L.A.’s Jewish congregations wrestle with Purim celebrations amid coronavirus fears
Some canceled children’s carnivals. Others called off costume balls. But as the raucous Jewish holiday of Purim begins Monday night, many in L.A.’s largest Orthodox enclave remain torn over how to balance sacred rituals with public health precautions after a member of the tight-knit community tested positive for COVID-19.
Rabbis at several L.A. County congregations said they learned of the case from public health officials, who told them the man contracted the novel coronavirus at the American Israel Public Affairs Committee conference in Washington, D.C., last week.
By Saturday morning, synagogues in Pico-Robertson were abuzz with the news, raising fears that the upcoming holiday could hasten the spread of the disease in the densely populated district.
“We’re trying to manage the delta between vigilance and panic,” said Rabbi Adam Kligfeld of Temple Beth Am, a large Conservative congregation whose Purim events are especially popular among young families. “As of now, nothing is canceled. We’re encouraging people to come.”
Purim celebrates the story of Queen Esther, the Jewish consort of a 5th century Persian emperor who risked her life to thwart a genocidal plot. The central religious obligation is to hear the story read aloud — once in the evening and once the following day — at an event that traditionally involves packed crowds, rowdy participation, elaborate costumes and lots of alcohol. Other requirements include gift exchanges and a wine-soaked festive meal.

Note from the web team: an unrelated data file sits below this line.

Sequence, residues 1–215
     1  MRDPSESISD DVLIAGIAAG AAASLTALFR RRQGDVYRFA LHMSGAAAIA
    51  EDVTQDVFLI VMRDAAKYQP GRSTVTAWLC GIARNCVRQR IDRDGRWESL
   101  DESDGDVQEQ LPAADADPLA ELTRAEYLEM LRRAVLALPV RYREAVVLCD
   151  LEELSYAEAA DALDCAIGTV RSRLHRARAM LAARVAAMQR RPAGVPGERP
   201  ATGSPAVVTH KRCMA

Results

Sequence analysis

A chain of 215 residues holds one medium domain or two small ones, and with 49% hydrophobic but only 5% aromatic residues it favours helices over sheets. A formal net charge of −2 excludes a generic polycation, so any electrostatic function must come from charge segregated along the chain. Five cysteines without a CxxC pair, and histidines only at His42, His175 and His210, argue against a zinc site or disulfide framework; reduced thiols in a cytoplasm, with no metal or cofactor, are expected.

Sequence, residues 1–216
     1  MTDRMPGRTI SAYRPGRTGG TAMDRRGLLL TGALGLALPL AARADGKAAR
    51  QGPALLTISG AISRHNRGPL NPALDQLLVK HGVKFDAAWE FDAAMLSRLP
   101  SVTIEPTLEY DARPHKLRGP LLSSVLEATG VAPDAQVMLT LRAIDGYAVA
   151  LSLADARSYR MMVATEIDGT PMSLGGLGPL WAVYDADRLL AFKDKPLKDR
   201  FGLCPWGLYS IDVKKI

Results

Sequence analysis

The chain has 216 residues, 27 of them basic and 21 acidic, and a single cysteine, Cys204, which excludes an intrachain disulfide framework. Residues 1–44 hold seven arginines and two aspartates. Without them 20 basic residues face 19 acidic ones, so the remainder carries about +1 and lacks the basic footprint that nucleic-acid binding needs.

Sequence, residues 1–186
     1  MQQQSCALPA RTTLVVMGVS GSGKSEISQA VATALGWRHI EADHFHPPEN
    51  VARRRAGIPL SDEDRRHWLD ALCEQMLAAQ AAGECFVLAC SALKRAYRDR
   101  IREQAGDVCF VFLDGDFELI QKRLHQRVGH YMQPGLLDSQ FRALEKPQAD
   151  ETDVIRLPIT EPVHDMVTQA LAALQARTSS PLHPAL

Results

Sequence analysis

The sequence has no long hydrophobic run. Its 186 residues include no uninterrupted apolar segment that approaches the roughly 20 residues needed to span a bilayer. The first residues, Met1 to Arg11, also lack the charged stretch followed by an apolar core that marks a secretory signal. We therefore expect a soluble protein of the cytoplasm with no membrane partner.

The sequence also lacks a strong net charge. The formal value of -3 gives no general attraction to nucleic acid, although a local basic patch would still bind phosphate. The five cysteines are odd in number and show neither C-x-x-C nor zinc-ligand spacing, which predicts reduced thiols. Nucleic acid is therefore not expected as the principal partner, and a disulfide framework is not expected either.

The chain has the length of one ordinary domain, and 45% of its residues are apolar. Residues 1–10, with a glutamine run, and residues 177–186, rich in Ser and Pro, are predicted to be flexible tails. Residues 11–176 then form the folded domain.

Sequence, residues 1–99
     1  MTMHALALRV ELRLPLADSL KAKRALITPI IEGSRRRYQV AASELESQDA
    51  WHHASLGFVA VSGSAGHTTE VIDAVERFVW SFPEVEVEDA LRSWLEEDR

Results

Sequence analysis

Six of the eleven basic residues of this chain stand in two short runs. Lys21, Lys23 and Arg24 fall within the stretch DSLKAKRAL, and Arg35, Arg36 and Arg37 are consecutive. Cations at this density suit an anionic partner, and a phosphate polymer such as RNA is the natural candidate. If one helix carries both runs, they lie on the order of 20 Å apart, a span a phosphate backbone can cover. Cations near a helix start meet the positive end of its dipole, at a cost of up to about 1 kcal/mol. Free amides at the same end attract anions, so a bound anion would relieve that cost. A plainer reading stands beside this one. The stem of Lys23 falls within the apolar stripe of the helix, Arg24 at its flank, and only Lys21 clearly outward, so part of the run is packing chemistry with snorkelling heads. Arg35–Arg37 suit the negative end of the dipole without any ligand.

So far, local rabbis have said they will preserve those rites, albeit with care. Many are livestreaming public readings for those who can’t attend, whether because they feel sick or scared.
B’nai David-Judea, a large Orthodox congregation in Pico-Robertson, will send clergy out to read to the elderly, while Beth Jacob, an equally large Orthodox synagogue just across the border in Beverly Hills, has barred congregants from shaking hands. Temple Beth Am will serve its festive meals shrink-wrapped.
But as precautions intensified around rituals on Monday, the fate of many wild parties and boisterous carnivals remained unclear.
“We have decided that it is prudent to cancel our Purim Carnival Monday night, particularly considering that it involves significant social interaction and it is not obligatory,” Rabbi Kalman Topp wrote in an email to members of Beth Jacob Congregation on Sunday night.
Yet less than a mile away, Beth Am’s carnival went ahead.
“With the Purim carnival [Sunday] we went back and forth whether or not to cancel it, and it was packed,” Kligfeld said. “It was overflowing.”
Clergy and families on both sides of the debate emphasized that no one synagogue could hope to contain the spread.
“The Jewish community is very fluid,” said Rona Karp, who brought her two children to the Beth Am carnival Sunday but was “on the fence” about Monday night’s events. “Even if you’re a member at Beth Am you could have gone to a bat mitzvah at B’nai David and that night went to [evening prayers] at Beth Jacob because you were nearby. You could unintentionally be at four shuls on one Shabbat — and on Purim people want to go to all the different events.”
For many, the enclave’s rich communal life is its primary attraction. Those who pray regularly at multiple synagogues are as common as those who attend only one, and large multifamily meals are a cherished weekly custom.
“It could be that many of us have it and don’t know it,” Kligfeld said. “I’m sure there is anxiety out there, but right now we are not getting it.”
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